Building good habits as early as possible
Nicole believes entrepreneurship can be emotionally draining if you allow it. Sometimes it is hard to turn it off. She admits she often goes to bed dreaming about the business and wakes up thinking about the business. Almost everything she does now is steeped in the business. Dedicating time to herself, and her mental health and building great habits is critical for her health and wellness — not only to help her do well, but also it helps the business thrive. For example, she tries to meditate as often as possible.
Rest is another important pillar, and she has learned to give herself space and rest when needed. Sometimes that might mean stopping work at 3:00 pm and starting fresh the next day. For Nicole, it is easy to burn out when you try to do everything. She doesn't buy into the narrative that founders should be working 100 hours a week and eating ramen — she says that is toxic. It leads to burnout; you and your business suffer. She is flexible with the people she works with because she knows the work will get done. If her team needs time away, she allows it. In her eyes, the grind culture is simply not sustainable.
Nicole has found that having a solid team around her is invaluable. When she launched her business, she admits she wasn’t completely sure how to build a team. But now she realizes, you have to be strategic when you scout your teams and build a culture that people want to be a part of. The culture and team you build reflects on you as a leader.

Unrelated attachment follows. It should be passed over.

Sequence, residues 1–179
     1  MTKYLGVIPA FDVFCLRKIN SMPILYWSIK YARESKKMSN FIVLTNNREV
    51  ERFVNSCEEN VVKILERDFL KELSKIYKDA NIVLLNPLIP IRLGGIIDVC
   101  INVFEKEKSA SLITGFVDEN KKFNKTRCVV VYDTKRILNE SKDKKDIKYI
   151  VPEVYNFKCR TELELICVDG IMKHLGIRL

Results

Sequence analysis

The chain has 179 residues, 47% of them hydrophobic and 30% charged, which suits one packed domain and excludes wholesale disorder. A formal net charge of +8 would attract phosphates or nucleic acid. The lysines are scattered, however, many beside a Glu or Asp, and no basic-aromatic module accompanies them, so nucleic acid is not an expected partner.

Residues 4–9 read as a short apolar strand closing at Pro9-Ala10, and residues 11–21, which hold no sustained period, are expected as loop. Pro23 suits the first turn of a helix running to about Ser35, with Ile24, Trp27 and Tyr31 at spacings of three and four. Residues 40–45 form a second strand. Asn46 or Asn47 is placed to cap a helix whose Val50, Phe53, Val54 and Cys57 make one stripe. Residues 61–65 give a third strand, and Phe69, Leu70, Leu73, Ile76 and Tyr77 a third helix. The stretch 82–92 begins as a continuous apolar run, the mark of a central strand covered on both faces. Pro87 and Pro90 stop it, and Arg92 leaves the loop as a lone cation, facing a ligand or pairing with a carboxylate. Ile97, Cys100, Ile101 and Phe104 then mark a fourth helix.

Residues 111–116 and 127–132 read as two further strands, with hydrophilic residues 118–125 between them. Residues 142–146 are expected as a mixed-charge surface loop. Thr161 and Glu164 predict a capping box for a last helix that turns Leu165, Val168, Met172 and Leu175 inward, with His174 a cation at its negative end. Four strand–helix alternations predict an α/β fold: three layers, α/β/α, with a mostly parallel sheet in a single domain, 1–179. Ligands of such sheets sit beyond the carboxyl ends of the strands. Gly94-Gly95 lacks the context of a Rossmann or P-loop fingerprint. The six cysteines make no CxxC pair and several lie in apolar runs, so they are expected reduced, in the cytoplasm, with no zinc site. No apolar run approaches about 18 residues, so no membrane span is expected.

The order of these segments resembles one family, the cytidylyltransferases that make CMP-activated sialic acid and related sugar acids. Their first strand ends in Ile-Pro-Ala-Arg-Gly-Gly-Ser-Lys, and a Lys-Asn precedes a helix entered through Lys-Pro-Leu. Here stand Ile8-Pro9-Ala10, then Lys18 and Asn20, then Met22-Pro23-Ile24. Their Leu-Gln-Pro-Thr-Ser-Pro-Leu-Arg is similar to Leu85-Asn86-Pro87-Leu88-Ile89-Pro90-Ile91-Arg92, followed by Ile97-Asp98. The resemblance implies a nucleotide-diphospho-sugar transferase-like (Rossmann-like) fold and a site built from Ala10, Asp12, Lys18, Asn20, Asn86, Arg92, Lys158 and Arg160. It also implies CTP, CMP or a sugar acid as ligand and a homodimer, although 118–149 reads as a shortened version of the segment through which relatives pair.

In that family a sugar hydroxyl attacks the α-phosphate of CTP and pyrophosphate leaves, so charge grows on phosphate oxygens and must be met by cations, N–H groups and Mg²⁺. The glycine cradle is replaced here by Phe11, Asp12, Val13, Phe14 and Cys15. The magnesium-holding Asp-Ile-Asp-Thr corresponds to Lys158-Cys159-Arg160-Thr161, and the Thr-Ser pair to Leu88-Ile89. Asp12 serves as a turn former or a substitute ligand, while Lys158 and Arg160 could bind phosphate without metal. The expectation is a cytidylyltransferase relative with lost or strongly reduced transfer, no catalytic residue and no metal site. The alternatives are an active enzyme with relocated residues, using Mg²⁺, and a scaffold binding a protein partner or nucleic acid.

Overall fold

Advice to future entrepreneurs
Building and leading a business isn’t for everyone, but Nicole loves every minute of it — the highs and lows. She has found being her own boss freeing and enjoys having her independence. For those who want to follow this path, she offers few pieces of advice:
- Always validate that what you are building is needed. Just because you have a problem doesn’t mean other people have a problem. It is great to build a business when you are not the core user, you can be less biased about what you are building.
- Build a network and build it early. Get champions to believe in you. Reach out to as many people as possible when you are first starting out — when you are a student people are more likely to reply to you. Ask for grace, people will believe in you early on.
- Under promise, over deliver. There are always delays, and there is always something unexpected. You don’t want to disappoint people; especially those who believed in you early on.
- There are some things you can wing and some things you can’t. Nicole always thought she could wing product development by relying on her manufacturer. When she brought in expertise, things got better.
- Execution is key. Even if someone has the same idea as you, the person who has the best strategy and execution will succeed. Execution is what matters at the end of the day. Funding helps.
- Get feedback. Ask for advice. This is the only way you will know if you are getting it right.